Domestic Tranquility — The Importance of Government Initiatives for American Made Products
The CHIPS Act is a good start, but there's much work to be done in other industries to encourage domestic production.
Two years ago, when gasoline prices were in the $2.20 range, I thought how fortunate I was, not to mention everyone else, that a staple of modern life wasn’t just affordable, but a decent bargain. Then, of course, came the climb, when gasoline prices in Colorado and other locales shot up above $5 a gallon, even $5.50, and on the west coast where my daughter lives, the price at the pump soared to as much as $7 a gallon. In July the price, in spite of a 40-year spike in inflation, was down in the mid-$4 range, and I remember stopping by a station near where I live that was posting $4.17! I was ecstatic. I wanted to go inside the station and thank them.
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But then I read the news that the giant oil companies, like Exxon Mobil, Chevron and Shell, reported record profits for the second quarter of this year, aided by massive increases in gasoline and natural gas, both commodities affected by Russia’s war in Ukraine, or so they say. I ceased being thankful for recent price drops in that obviously, while everyone in the country and the world feels the negative impacts of the global economy set off by war and supply chain issues, the providers of those products didn’t seem to share in the misery.
Somehow that doesn’t seem fair. Over the years I have maintained a relatively conservative approach to domestic oil exploration because I believe(d) the benefits of energy independence outweigh the negative impacts of such domestic exploration. Since we’re nowhere near ending our dependence on fossil fuels for heating, cooling and transportation, my belief is that we should continue fossil development – and work on and invest diligently in eco-friendly alternatives – until such time that our dependence on oil and gas goes away. And it will, sooner rather than later. In return for such forbearance, however, the oil companies should at least focus their attentions on providing such commodities to the U.S. in ample supplies, at a fair price and a reasonable profit margin. They are not doing so.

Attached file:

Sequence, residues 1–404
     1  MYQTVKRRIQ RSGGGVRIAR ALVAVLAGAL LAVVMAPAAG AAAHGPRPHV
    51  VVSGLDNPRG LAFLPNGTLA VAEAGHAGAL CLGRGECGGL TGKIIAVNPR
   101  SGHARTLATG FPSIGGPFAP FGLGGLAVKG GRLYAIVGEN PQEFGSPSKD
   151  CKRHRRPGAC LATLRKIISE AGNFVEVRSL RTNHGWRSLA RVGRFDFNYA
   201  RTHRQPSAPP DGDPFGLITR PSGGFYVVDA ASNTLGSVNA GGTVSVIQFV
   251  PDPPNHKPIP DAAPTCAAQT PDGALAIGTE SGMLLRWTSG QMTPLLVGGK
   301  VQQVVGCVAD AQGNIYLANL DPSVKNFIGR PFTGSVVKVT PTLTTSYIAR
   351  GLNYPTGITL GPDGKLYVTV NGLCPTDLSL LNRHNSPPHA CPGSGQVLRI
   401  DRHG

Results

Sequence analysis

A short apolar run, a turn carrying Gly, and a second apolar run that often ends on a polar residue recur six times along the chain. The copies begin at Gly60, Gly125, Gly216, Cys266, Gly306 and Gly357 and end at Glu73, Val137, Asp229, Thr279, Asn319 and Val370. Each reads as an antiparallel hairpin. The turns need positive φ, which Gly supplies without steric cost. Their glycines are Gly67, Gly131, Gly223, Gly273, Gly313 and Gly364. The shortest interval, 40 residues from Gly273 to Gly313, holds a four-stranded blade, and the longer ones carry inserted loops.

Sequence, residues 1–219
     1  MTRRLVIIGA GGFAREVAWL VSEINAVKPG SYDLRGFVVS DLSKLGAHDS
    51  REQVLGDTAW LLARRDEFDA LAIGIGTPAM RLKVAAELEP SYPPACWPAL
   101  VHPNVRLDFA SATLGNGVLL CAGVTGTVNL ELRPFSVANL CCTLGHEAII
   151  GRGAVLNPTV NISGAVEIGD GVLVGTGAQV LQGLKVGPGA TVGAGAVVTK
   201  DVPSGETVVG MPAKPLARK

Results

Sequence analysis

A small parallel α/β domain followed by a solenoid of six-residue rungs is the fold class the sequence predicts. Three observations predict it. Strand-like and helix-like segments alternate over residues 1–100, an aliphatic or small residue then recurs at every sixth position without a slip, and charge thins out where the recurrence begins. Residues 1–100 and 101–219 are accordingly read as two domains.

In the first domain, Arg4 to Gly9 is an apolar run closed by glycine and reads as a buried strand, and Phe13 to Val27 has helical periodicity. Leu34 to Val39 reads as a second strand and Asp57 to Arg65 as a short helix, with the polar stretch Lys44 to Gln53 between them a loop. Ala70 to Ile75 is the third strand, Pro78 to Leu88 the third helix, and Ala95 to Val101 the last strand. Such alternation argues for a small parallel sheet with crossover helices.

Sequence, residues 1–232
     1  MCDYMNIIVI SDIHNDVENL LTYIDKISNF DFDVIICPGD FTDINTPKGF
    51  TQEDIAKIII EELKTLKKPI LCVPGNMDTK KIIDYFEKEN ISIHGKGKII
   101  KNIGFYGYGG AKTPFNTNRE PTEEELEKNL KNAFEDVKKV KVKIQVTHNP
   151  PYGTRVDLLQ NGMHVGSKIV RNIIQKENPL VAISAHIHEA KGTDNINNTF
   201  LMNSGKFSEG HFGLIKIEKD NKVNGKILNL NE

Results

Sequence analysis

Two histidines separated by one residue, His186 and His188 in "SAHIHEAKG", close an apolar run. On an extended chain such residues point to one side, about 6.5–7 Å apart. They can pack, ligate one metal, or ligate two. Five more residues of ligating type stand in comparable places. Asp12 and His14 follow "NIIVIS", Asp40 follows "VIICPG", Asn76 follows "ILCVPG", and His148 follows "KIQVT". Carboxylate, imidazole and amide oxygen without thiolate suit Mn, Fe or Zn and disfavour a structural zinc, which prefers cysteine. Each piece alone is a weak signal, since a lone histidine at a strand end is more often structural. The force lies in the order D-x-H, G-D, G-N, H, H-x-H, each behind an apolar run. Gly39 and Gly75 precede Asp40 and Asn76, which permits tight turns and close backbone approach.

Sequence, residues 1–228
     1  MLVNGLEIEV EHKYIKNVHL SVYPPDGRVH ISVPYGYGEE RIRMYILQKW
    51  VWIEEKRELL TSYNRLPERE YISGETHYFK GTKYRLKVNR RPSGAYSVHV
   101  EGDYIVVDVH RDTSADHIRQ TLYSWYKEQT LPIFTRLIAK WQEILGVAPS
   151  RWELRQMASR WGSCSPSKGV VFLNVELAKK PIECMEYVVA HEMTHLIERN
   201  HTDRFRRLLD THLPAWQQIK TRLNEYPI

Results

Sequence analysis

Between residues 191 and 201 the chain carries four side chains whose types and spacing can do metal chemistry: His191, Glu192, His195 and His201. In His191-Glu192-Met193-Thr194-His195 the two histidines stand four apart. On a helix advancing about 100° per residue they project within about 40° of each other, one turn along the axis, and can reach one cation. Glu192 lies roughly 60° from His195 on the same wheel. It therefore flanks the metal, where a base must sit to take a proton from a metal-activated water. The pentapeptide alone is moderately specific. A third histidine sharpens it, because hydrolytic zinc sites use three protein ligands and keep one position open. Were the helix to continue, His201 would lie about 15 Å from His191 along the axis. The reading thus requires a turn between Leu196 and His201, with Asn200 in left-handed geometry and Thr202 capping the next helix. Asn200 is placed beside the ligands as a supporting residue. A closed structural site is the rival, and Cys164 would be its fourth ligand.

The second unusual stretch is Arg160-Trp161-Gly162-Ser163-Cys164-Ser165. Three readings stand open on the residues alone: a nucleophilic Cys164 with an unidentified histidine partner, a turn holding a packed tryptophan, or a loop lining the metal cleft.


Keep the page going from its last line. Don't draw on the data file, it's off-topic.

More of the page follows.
This situation got me thinking about domestic development and investment in a whole range of products that could and should be made in the United States.
Interestingly enough, just recently my Korean-made refrigerator, a Samsung, went on the fritz, and in searching for an appliance repair service, I was horrified by the number of them that just flat-out said, “We don’t service Samsung and LG (another Korean appliance maker).” They only work on domestic brands, like Frigidaire, Westinghouse, GE, Whirlpool and Maytag – many of which, to be fair, are also manufactured overseas but apparently better supported domestically. Turns out my only choice was to buy a new fridge, and in visiting the major box stores that sell appliances I discovered that while they sell both Samsung and LG, none of the staff there recommends them. Yet another example, it seems to me, to favor domestic development and manufacturing.
Then in July came the news of the bi-partisan passage in Congress of the CHIPS Act, legislation designed to boost – with government subsidies for domestic manufacturing development – the production of electronic microchips on U.S. soil and to make our country more competitive with, and less reliant on, China. CHIPS stands for Creating Helpful Incentives to Produce Semiconductors and Science Act, and the law will put some $52.7 billion in subsidies directly into U.S. computer chip manufacturing, and then another $230 billion+ into a variety of domestic-focused development of science and technology that is now being imported – with some of that investment to federal laboratories and businesses right here in Colorado.
CHIPS is designed to answer the shortages that beset us in obtaining microchips from foreign sources with their whims and spurious economies, but why stop there? Why not a CHIPS-like act to do the same for shoes, tractors, televisions, mobile phones, apparel, furniture, food, building materials – and, yes, even refrigerators? And subsidies for training American workers for high-paying jobs. After all, our founding fathers, in the Preamble of the U.S. Constitution, said we should “insure domestic tranquility” to secure “the blessings of liberty.”
I’m all for domestic tranquility.
Jeff Rundles is a former editor of ColoradoBiz and a regular columnist. Email him at email@example.com.